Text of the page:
How I lost weight and what happened next…

I’ve never really mentioned my weight loss on this blog before. I prefer to keep the focus of Paddle Pedal Pace on fitness, training and racing, but I realised that this week marks 5 years since I reached my goal weight, and felt it was time to share my story.

I’d been overweight my entire life. My Mum prepared healthy meals for the family, but I’d snack on junk food. During my time at University I really gained a lot more weight- I’d exist on take-aways, sugary snacks and alcopops. I had no real interest in cooking healthy meals or exercising, I just grabbed whatever was convenient. I knew I was gaining weight, but I just couldn’t gain control of my lifestyle. 

 

 
I did try various diets while I was at Uni, and had success with Atkins, Lighter Life and Slimming World, but as is usual with diets, the weight came back on as soon as I stopped following the plan. I was very self-conscious of my weight, but trapped in a cycle of self-loathing and overeating.

At my 21st Birthday party in 2005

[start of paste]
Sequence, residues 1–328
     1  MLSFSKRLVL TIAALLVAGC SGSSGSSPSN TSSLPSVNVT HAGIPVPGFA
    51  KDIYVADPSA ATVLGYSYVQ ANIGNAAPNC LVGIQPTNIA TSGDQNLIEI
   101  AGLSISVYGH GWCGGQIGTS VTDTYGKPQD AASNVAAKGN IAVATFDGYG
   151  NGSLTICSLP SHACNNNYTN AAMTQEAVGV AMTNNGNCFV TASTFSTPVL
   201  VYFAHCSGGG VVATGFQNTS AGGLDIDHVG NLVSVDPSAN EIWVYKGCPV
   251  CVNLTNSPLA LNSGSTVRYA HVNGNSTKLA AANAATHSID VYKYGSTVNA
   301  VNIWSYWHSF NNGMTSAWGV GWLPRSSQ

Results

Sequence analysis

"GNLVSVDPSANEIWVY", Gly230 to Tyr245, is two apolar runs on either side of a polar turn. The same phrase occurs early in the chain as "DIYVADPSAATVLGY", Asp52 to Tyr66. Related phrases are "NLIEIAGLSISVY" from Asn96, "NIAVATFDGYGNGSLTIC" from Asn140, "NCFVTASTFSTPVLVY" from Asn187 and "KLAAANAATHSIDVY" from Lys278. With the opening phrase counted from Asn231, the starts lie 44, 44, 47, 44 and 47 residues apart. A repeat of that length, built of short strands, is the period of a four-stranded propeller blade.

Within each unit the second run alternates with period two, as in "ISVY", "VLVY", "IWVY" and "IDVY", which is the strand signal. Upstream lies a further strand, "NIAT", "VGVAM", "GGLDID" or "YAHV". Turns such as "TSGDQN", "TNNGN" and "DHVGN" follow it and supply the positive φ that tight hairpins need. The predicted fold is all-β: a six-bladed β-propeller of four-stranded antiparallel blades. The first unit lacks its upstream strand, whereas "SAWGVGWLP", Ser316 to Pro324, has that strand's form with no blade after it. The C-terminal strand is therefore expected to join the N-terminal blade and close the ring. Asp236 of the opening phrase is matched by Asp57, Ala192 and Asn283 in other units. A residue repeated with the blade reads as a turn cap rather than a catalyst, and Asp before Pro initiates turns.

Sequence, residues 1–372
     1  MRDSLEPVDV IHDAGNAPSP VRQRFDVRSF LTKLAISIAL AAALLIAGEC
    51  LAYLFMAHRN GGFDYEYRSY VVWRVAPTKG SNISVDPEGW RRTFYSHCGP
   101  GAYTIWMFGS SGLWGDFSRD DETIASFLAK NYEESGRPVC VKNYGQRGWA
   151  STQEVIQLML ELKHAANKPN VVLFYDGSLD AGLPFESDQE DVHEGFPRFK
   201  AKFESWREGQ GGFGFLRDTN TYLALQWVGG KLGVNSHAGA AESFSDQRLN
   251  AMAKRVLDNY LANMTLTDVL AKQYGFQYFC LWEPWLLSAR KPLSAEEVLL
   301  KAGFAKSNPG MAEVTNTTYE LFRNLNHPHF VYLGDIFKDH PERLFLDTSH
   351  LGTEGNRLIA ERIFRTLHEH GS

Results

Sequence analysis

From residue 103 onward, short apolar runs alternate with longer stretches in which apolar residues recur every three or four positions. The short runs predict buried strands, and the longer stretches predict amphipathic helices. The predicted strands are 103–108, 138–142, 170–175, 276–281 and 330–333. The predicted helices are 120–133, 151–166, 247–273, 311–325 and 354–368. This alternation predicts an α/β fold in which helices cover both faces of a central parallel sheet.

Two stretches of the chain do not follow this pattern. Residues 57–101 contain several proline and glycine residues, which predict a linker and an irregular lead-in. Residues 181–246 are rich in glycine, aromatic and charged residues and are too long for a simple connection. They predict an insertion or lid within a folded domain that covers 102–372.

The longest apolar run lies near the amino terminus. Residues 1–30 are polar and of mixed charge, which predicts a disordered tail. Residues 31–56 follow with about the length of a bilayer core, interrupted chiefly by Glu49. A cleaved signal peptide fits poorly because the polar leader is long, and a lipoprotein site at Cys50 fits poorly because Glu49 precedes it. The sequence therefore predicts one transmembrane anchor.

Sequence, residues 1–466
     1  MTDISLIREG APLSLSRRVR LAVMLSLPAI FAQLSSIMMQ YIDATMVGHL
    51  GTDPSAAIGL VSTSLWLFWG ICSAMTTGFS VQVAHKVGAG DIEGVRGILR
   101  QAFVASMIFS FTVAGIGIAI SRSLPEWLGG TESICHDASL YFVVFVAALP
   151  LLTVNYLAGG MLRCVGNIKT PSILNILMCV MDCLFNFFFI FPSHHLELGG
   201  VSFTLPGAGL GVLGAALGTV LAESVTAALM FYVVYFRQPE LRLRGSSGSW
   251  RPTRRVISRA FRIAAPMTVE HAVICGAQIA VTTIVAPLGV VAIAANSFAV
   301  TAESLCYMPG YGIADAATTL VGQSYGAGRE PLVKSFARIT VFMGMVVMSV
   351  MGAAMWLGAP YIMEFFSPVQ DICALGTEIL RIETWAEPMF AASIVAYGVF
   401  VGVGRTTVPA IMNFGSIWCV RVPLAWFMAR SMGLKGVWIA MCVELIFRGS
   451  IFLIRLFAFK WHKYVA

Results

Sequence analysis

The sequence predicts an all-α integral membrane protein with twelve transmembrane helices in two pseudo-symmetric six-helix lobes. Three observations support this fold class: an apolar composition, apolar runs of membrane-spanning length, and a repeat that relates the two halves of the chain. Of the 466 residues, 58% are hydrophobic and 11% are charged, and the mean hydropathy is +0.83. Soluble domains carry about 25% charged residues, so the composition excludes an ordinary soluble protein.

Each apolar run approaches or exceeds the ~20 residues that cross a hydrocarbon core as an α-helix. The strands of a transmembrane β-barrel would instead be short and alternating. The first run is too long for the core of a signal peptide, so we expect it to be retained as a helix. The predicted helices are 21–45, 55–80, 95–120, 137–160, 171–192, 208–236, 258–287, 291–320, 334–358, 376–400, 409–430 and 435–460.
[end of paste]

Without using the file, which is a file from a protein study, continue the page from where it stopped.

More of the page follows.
After graduating in 2006, I decided it was really time to tackle my weight. I was working in the fashion industry and hated not being able to wear fashionable clothes. I found it difficult to shop, my size 18 clothes were becoming tighter and tighter, and I was reluctant to go up another size into a 20. I decided to give Weight Watchers a try- it was the only slimming club I had never been to.


I found that something about the Weight Watchers programme really clicked with me. The weight started to come off easily- I didn’t feel deprived or find the plan difficult to follow. I guess the biggest changes I made to my lifestyle were:

-Cutting down on my alcohol intake– I used to drink several times a week at Uni, these days I rarely drink at all. Cutting out those empty calories made a huge difference to my weight.
-Planning my meals– I started to get a proper structure to my eating with 3 meals and 2 snacks a day. Glen and I started writing out meal plans for the week ahead, so that we knew exactly what we would eat every day.